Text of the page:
This content is from: Local Insights

Indonesia

The Indonesian parliament has approved a new Act on Bankruptcy and Debt Moratorium. Among the various provisions stipulated in the Act, new provisions on the requirements to approve a composition plan in debt moratorium stand out.

In the old bankruptcy regulation, the provisions both for bankruptcy and for debt moratorium situations determined that a composition plan submitted by a debtor would be accepted if the plan was approved by more than half of the unsecured creditors attending the vote-casting meeting who held at least two-thirds of the debts of the attending unsecured creditors. Secured creditors were affected neither by bankruptcy nor debt moratorium. Subject to the statutory stay period of no more than 90 days (in bankruptcy) or 270 days (in debt moratorium), they could enforce their collaterals as if there were no bankruptcy or debt moratorium. Naturally, they were not allowed to cast any vote on the composition plan unless they were willing to forgo their collateral or unless they had a portion of the claims that would not be sufficiently covered by the collaterals.

This all has changed now for a composition plan submitted in debt moratorium. It is, however, unclear why the comparable provisions in bankruptcy situation remain the same in the above respects. Article 281 of the new Act determines that a composition plan submitted by a debtor will be accepted if the plan is approved by: (i) more than half of the unsecured creditors attending the vote-casting meeting who hold at least two-thirds of the debts of the attending unsecured creditors; and (ii) more than half of the secured creditors attending the vote-casting meeting who hold at least two-thirds of the debts of the attending secured creditors. The new Act goes on to say that the approved composition plan will bind all creditors (secured and unsecured) except those who explicitly disapprove the plan. This means that, unless secured creditors attend the vote-casting meeting on the composition plan and vote against it, such secured creditors will be subject to the plan if it manages to obtain the required votes.

Article 281, paragraph (2) of the new Act further stipulates that secured creditors who vote against the composition plan will be provided with compensation in the lesser of the value of the collaterals or the actual value of the outstanding claims directly secured by the collaterals. The collaterals' value may be the value stipulated in the collateral documents or may be determined by an appraiser appointed by the supervisory judge. The article is silent on whether the compensation constitutes a full and final settlement of the claims of the secured creditors concerned. If the outstanding claim is less than the value of the corresponding collateral, the compensation translates as full payment of the debt by the debtor. If, however, the value of the collateral is less than the outstanding claim, the secured creditor should still be able to claim the debtor for the remaining unpaid portion of its claim, unless this potentially creates an inequality on the part of the unsecured creditors who disapprove the composition plan. In this regard, it is logical to say that the unpaid portion should be treated as unsecured. The new Act is also silent on when the payment of the compensation must be made and whether instalments are possible. This will need to be established in practice. In the absence of a mutual agreement between the secured creditor concerned and the debtor on the timing, a possibility would be that the compensation must be paid in full before the composition plan is made effective, that is, before the commercial court validates the composition plan. If, however, both parties reach an agreement, it is possible to agree on the timing as well as the method of payment.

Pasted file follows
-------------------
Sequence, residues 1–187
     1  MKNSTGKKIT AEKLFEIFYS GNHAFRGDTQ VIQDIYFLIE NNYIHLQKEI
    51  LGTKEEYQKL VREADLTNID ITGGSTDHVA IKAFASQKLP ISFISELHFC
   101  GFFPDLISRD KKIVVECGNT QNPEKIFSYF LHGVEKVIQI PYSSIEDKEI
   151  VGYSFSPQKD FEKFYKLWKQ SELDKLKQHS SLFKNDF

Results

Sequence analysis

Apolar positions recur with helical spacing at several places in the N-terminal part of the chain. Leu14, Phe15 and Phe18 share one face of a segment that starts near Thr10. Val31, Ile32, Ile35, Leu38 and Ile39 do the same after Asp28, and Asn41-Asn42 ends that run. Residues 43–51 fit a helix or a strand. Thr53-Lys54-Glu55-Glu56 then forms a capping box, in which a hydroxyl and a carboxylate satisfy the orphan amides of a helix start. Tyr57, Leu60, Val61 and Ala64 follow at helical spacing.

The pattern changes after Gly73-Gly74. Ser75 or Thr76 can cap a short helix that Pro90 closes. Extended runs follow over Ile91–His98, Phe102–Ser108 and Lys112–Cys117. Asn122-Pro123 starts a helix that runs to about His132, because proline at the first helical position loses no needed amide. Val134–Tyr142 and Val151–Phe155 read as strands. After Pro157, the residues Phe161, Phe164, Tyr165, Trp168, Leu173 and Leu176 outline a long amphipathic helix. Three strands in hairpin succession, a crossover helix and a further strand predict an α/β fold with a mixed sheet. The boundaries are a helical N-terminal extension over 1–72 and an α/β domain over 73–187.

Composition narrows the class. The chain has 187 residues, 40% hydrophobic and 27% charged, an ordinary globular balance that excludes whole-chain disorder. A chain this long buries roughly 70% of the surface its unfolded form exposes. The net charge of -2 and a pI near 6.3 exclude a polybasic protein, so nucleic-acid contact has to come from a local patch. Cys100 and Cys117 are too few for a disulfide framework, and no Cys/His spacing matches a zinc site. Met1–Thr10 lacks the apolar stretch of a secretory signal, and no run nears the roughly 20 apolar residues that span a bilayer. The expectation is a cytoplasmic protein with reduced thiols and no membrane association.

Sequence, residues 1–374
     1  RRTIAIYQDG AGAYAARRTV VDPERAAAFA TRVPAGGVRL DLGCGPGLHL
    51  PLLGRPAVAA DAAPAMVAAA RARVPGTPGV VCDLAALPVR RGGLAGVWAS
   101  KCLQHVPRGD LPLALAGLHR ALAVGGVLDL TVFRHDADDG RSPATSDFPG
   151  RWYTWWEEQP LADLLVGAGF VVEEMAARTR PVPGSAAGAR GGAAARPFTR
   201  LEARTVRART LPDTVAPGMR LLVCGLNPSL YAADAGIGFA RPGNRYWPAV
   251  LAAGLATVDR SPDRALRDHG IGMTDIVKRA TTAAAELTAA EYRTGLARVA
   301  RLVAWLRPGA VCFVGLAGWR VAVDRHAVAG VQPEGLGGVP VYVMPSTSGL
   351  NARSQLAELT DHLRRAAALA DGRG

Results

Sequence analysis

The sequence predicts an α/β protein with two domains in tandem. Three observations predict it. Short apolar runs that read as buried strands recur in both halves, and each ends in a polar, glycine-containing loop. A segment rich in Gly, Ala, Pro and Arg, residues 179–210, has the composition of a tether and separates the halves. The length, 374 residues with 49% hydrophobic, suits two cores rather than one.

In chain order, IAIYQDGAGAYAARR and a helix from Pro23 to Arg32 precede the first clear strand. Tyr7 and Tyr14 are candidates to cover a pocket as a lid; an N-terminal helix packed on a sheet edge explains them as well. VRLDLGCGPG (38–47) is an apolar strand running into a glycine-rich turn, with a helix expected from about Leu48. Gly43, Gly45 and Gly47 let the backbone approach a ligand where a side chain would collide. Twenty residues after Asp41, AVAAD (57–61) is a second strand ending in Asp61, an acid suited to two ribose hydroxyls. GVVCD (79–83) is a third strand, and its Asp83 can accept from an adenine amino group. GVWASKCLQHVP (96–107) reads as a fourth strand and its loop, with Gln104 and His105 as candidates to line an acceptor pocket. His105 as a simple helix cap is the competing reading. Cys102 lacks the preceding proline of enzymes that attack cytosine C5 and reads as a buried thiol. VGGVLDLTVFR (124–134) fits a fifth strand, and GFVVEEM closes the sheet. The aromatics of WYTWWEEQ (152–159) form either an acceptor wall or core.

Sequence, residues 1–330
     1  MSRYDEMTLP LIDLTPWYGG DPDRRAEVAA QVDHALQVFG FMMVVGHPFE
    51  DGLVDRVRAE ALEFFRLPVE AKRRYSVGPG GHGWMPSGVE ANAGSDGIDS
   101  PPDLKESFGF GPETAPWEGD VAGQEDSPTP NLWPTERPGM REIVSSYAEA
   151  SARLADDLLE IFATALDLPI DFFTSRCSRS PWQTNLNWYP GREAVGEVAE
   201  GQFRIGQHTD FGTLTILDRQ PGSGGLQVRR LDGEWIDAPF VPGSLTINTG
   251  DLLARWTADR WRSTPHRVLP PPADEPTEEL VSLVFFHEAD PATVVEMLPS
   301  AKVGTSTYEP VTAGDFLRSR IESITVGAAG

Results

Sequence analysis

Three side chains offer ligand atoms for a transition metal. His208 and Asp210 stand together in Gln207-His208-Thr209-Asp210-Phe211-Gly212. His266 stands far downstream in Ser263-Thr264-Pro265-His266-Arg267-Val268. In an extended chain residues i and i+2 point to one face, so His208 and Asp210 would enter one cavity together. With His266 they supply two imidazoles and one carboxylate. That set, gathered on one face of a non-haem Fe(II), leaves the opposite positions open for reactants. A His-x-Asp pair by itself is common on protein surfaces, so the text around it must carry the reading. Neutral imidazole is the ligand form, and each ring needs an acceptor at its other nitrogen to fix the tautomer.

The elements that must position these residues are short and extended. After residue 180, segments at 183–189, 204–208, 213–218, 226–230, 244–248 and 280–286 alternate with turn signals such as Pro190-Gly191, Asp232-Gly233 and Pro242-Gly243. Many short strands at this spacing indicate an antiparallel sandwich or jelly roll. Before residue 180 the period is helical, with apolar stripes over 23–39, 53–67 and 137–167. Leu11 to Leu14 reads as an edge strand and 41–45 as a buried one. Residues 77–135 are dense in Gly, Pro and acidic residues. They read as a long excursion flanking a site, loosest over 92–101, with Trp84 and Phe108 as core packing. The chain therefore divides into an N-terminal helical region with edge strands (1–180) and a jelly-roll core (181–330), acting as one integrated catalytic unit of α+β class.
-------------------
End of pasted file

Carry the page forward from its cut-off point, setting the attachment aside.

Other potential problems would be the method in which the collateral should be valued, that is: (i) in what circumstances a pre-determined value of the collateral in the underlying documentation will be used; (ii) in what circumstances an appraiser will be appointed by the supervisory judge; (iii) whether the lesser value of the collateral derived from the two methods will be used to determine the amount of compensation; (iv) who will determine which collateral value to use; and (v) who may nominate the name of the appraiser to undertake the job. The problem in the last point should be avoidable if the lawmaker determined that each of the secured creditor and the debtor has the right to appoint one appraiser and the value used to determine the compensation is the weighted average of the values established by the two appraisers. Moral hazard of the single appraiser is also a potential problem.

In the new Act, the norm that secured creditors are not affected by bankruptcy or debt moratorium is maintained. This is supposed to mean that, subject to the statutory stay period of 90 days (in bankruptcy) or 270 days (in debt moratorium), the secured creditors may enforce their collaterals as if there were no bankruptcy or debt moratorium. However, given the existence of the new provisions, which require the secured creditors to cast their votes on the composition plan and that secured creditors who disapprove the plan be compensated, the rights of the secured creditors to enforce or foreclose on their collaterals in debt moratorium effectively cease to exist. Even so, this should not undermine the preferential rights of the secured creditors to receive the proceeds of their collaterals in advance of the unsecured creditors - the design to provide the compensation is intended to maintain this preferred position.

Satrya Wijaya Teja

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